The work of the master

Aug 3, 2023

The game of "you take off so I can put on"

Since the word spread regarding Santos Hernández’s claim that he had been the creator of the Manuel Ramírez guitar that Manuel gave to Andrés Segovia (which is currently on display at the Metropolitan Museum of Fine Art in New York) there has been a work of harassment and demolition of the image of Manuel Ramírez to put his disciple and official Santos Hernández in his place.

And since then, there has been less talk about the work of Manuel Ramírez and more about his workshop, as if they were dissociated elements. The boldest even ignore Manuel Ramírez directly, mentioning only Santos Hernández when referring to the aforementioned guitar.

Recognising the work of the master

It is obvious that Santos Hernández did not feel any respect or gratitude towards his master and employer Manuel Ramírez, which is the least that is owed to the one who has taught him his trade, his secrets, his way of working, and the fruits of his experience. But that is the least important thing, the most important thing is that there are others who give credibility to the word of someone who claims an authorship that does not correspond to him, because to speak frankly, who is the author of a work? Is it not the one who designed it, after training and researching and making an investment in its development? Or his employees, who help him do the work following his designs, instructions, and teachings, using his material and his studio?

I’ve even had to hear from an “expert” that Santos Hernández’s hand can be seen on that guitar (who also assures that it is originally an 11-string guitar, when in reality it was a 7-string, adapted to 6 strings, for which it would suffice to see the photograph of the back of the head, published by the MET)*.

Of course, Santos worked with Manuel Ramírez and learned his techniques, those used, logically, in his workshop, so the hand of the other two great officials of Manuel, Modesto Borreguero (1892-1969) and Domingo Esteso (1882-1937) could be recognized in the guitars built in that workshop, but above all, the hand of Manuel Ramírez, creator of his work.

We have always recognized and respected our maestro Francisco González (1820-1879), as I wrote in another article in homage to the maestro, and we have never even thought to say that one of his guitars was built by José Ramírez I (1858-1923), because José did not make his own guitars until he became independent. He then developed his own designs and templates, such as the well-known Tablao Guitar, which revolutionized the world of flamenco at the time, and which his brother and outstanding disciple Manuel would later take to transform it and lay the foundations of the current flamenco guitar.

Proofs of the authorship of Andrés Segovia’s guitar

On the other hand, even admitting that the fact that an official made a guitar in his master’s workshop could have some value, what solid document supports Santos Hernández’s statement about his authorship of that guitar? There is nothing but his word, which, by the way, is not even supported by the reality of the traditional operation of artisan workshops, nor of art workshops, nor of the most elementary ethics.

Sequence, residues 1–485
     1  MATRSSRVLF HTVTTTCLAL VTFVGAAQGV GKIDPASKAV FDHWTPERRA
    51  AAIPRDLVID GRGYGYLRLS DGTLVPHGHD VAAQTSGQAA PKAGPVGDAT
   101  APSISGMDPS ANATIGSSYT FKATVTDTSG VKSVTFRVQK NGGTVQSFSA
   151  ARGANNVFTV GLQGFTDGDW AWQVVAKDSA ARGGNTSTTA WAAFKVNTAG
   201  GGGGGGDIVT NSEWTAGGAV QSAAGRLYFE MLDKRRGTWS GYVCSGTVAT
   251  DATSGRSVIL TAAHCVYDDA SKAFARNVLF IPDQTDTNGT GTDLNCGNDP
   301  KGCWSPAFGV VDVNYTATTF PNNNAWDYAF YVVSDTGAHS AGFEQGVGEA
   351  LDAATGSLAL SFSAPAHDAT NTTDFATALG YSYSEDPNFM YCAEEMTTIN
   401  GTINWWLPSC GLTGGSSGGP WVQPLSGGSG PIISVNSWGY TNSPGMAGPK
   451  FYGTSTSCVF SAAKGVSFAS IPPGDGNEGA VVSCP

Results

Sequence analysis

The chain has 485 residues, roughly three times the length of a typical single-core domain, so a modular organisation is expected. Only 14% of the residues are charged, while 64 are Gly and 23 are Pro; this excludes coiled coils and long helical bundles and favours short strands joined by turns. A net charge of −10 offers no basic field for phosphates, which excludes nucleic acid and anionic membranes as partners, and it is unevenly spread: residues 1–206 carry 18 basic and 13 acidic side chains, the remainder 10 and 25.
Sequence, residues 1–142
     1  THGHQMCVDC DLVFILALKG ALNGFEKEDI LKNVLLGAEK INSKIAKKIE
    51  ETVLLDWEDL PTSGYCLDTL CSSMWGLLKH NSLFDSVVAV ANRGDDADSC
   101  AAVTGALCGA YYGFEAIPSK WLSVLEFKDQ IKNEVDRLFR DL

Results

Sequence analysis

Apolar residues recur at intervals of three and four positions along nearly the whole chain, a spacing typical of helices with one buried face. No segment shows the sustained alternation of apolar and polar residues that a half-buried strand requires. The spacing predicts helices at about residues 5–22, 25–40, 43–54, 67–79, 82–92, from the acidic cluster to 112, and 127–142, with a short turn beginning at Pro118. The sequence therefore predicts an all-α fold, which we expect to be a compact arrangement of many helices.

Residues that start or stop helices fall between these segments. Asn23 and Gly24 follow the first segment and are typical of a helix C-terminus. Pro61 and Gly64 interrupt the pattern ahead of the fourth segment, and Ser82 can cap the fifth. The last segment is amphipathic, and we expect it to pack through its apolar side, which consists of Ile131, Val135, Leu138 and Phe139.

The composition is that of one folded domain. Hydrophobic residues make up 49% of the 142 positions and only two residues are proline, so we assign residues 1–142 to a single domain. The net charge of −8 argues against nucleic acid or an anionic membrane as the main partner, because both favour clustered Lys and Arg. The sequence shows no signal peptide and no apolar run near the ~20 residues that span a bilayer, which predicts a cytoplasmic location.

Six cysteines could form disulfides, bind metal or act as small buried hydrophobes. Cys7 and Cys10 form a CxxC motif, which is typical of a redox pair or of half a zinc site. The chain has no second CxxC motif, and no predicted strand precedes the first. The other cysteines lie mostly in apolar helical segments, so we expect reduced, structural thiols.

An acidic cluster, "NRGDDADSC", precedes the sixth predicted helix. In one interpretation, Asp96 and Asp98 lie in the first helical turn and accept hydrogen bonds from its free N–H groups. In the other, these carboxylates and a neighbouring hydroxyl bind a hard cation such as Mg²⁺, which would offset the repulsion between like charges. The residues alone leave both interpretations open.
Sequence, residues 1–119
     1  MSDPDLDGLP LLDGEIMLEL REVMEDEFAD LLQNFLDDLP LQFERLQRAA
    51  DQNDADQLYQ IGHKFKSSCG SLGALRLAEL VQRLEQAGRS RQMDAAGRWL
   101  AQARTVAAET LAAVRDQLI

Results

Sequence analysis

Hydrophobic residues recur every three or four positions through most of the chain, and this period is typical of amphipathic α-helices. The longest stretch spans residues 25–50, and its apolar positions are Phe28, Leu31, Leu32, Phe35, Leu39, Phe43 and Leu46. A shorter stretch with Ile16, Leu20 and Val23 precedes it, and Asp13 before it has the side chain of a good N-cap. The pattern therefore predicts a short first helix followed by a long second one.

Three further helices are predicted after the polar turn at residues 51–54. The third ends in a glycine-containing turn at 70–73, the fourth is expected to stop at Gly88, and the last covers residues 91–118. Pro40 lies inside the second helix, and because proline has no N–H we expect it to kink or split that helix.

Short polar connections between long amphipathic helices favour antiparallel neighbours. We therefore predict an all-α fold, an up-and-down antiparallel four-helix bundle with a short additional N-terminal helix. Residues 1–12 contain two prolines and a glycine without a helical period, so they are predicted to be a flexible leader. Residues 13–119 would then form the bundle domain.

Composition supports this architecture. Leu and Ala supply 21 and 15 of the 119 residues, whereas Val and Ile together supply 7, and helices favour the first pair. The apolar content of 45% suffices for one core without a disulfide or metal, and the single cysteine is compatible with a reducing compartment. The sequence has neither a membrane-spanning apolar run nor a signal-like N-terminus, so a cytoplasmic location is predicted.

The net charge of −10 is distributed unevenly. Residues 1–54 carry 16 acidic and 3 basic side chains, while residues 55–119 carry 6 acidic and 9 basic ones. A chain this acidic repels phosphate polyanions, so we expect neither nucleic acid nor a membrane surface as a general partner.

It has never been said that a Guarneri (1698-1744) violin was “from Guarneri’s workshop”. And the Sagrada Familia of Gaudí (1852-1926) is still his work, still under construction despite the fact that its author died a century ago. But in the world of guitar making it seems that some believe that we do not deserve the category of other great and renowned creators whose authorship of their work is not questioned.

Here one would have to ask why, since the claim that this guitar was the work of Santos Hernández began to spread, did his guitars begin to reach such high prices in the market? What interest is there in putting Santos Hernández eclipsing Manuel Ramírez? Of course, if “his” guitar was the first to accompany Segovia in his brilliant career and it is also at the MET, what better publicity for Santos? But why? What advantages can it bring to someone who died a long time ago and without descendants or disciples? Who benefits then? Certainly, it is not the same when it comes to someone, also deceased, with a recognized name and prestige who has living descendants active in the trade.

Manuel Ramirez’s label

We know that Santos Hernández wanted to replace Manuel Ramírez’s label with one of his own, when Andrés Segovia brought him Manuel’s guitar (after Manuel had died) for repair. Segovia refused to accept such nonsense, and only gave him permission to put a label next to Manuel’s indicating that it had been repaired by Santos.

Segovia always recognized Manuel Ramírez as the author of his guitar, as can be heard from his own voice in the recording where he tells the anecdote of when Manuel gave him the guitar.

In short, of course, we are facing a case of “move over and let me have my space”, or in a finer way, in the style of Gandhi: “You should not diminish another person’s light in order to have your own shine more brightly”. But in the background, what is really fueling this story?


*As can be seen in the photograph below, the repair of this guitar consisted of covering the hole of the 7th string that this guitar originally had, which was built for Antonio Jiménez Manjón (1866-1924), who was known for playing a guitar of 11 strings, but in this case he had commissioned a 7-string guitar from Manuel Ramírez which, due to differences between the guitarist and the guitar maker, the latter decided not to sell it to him and adapted it to 6 strings. This information is also reflected in the anecdote told by Andrés Segovia when Manuel Ramírez gave him this instrument.

La obra del maes

Amalia Ramírez

9 June 2023

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